by: Joseph Kenny
It happens all the time. You go into one of your favourite shops and hear the offer over the public address system: ‘An extra 10% off today if you apply for one of our store cards.’ This seems like a good idea for people who shop regularly in a particular place but there are a number of reasons to be careful about applying for store cards.
When Is A Store Card Not A Store Card?
First of all, the name ‘store card’ is misleading. It makes them sound friendly. But store cards are another form of credit card. Like credit cards, people can use store cards to defer payment for purchases. Like credit cards, store cards charge interest on uncleared balances. And like credit cards, people have to apply for them.
Although it can be tempting to have a store card for each place you shop in, people should avoid this temptation. Every store card application will become part of your credit history. People who make more than three applications within a seven month period are likely to be turned down for some cards. This will adversely affect their credit rating.
Store Card Interest Rates
A key difference between store cards and credit cards is the interest-free period. While credit cards typically have interest-free periods of up to 56 days, many store cards have none. People pay interest on the debt from the day it goes on the card.
What is worse, the interest rates on most store cards are very high. The Competition Commission recently said that British consumers were being overcharged by £100 million a year due to the high interest rates. In fact, the Commission suggested that store cards should carry a ‘wealth warning’.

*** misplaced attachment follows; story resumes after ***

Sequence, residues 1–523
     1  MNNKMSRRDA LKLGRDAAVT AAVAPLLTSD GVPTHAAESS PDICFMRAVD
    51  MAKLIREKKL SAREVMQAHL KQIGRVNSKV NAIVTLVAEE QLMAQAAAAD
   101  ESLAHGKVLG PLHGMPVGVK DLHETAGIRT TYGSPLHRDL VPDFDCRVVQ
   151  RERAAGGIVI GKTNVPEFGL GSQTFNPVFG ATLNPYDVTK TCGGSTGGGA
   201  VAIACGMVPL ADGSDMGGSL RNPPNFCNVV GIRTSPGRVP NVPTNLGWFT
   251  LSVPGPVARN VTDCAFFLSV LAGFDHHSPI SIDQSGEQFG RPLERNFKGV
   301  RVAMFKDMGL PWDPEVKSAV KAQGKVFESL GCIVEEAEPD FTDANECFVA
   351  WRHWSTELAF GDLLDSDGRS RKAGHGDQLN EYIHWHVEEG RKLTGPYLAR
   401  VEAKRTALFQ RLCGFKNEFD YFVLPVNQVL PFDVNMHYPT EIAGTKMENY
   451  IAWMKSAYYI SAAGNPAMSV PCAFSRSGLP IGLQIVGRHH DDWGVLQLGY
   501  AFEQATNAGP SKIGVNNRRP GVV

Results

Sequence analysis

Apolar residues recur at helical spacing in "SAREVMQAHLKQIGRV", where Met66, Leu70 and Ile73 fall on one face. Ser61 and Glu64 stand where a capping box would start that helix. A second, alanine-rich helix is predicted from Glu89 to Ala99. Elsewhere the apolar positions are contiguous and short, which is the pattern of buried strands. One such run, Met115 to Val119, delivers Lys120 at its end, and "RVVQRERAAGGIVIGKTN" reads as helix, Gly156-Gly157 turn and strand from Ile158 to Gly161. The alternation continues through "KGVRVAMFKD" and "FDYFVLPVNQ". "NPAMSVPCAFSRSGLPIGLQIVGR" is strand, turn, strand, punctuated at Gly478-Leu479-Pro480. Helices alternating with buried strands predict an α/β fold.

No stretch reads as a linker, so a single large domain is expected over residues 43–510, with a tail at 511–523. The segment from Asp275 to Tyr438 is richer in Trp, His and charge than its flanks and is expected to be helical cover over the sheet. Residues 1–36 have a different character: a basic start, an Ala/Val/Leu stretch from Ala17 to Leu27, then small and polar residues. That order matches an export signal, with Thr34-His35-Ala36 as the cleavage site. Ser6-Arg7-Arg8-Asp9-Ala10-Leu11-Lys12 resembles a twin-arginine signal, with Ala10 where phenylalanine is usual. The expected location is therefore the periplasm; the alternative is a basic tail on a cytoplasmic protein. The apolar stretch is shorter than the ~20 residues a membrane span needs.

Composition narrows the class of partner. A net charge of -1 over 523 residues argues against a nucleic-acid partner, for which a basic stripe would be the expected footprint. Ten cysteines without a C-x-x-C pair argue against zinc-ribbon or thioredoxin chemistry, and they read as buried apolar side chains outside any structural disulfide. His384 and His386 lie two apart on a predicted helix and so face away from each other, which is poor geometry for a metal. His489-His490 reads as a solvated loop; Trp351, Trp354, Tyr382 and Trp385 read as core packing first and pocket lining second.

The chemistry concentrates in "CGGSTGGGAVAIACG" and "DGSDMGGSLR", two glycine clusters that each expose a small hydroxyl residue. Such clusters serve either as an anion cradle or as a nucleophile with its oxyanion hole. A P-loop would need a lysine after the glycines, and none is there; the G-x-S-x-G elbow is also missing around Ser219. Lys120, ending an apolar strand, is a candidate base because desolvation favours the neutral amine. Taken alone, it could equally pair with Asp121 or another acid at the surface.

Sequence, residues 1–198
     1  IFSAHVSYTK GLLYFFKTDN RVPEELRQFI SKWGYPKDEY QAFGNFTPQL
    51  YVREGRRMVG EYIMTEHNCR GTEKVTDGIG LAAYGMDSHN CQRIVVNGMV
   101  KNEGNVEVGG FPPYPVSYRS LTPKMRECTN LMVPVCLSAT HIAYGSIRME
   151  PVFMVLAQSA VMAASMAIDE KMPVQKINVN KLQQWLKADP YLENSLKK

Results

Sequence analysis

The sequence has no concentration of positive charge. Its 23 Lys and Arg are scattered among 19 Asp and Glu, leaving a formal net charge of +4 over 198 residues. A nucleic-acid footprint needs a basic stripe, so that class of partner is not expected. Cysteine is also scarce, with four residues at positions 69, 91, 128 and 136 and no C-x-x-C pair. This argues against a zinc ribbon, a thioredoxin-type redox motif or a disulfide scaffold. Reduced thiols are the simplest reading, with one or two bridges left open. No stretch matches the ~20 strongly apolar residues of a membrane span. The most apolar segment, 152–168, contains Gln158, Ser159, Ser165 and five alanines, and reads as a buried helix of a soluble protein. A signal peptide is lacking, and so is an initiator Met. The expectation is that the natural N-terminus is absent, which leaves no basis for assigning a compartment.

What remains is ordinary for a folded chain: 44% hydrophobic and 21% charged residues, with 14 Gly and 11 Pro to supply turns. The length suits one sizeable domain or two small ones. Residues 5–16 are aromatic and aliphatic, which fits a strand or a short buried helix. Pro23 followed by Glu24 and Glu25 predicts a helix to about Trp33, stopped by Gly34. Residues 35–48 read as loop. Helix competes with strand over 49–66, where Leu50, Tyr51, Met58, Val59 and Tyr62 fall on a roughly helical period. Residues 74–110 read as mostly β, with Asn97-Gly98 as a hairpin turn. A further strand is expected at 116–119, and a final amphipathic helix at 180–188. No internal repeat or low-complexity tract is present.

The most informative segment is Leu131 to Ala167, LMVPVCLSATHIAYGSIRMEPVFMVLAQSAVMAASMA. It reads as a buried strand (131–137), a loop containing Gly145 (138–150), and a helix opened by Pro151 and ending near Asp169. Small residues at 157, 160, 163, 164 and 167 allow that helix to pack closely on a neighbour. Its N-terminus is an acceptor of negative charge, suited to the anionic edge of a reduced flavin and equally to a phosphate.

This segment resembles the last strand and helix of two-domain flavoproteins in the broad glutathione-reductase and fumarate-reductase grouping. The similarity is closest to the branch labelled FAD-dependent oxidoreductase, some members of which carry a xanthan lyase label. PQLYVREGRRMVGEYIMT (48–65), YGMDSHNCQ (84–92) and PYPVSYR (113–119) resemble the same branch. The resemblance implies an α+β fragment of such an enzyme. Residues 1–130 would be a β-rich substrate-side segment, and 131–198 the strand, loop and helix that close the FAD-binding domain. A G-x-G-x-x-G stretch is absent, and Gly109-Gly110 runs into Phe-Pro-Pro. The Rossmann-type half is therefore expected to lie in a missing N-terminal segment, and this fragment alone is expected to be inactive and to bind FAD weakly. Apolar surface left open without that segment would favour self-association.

Interest rates on normal credit cards typically range between 8% and 20%. In contrast, store card interest rates are usually around 30%. This makes a tremendous difference when paying back a debt.
Other Store Card Fees
Store cards also charge high late payment fees, making them very expensive for consumers. And the payment protection insurance offered by many cards may be higher than that charged on regular credit cards.
Not all store cards fall into this category. There are some retail outlets that offer cards with similar rates to regular credit cards. Store cards that are badged by the retail outlet but issued by a bank may also have competitive interest rates.
Getting The Best From Store Cards
With high interest rates and low interest free periods, it is easy for consumers to pay over the odds for store card credit. To avoid this, it’s best to:
- Read the fine print to see what rate of interest applies to the card. This will be listed under the heading ‘typical APR’
- Check whether there is an interest free period
- Pay off the outstanding balance within a month
Another option is to avoid the store card and use another credit card with a better interest rate.
About The Author
Joe Kenny writes for the Card Guide, a UK based credit cards site, visit today for introductory balance transfers and start clearing credit card debt today.
Visit today: http://www.cardguide.co.uk/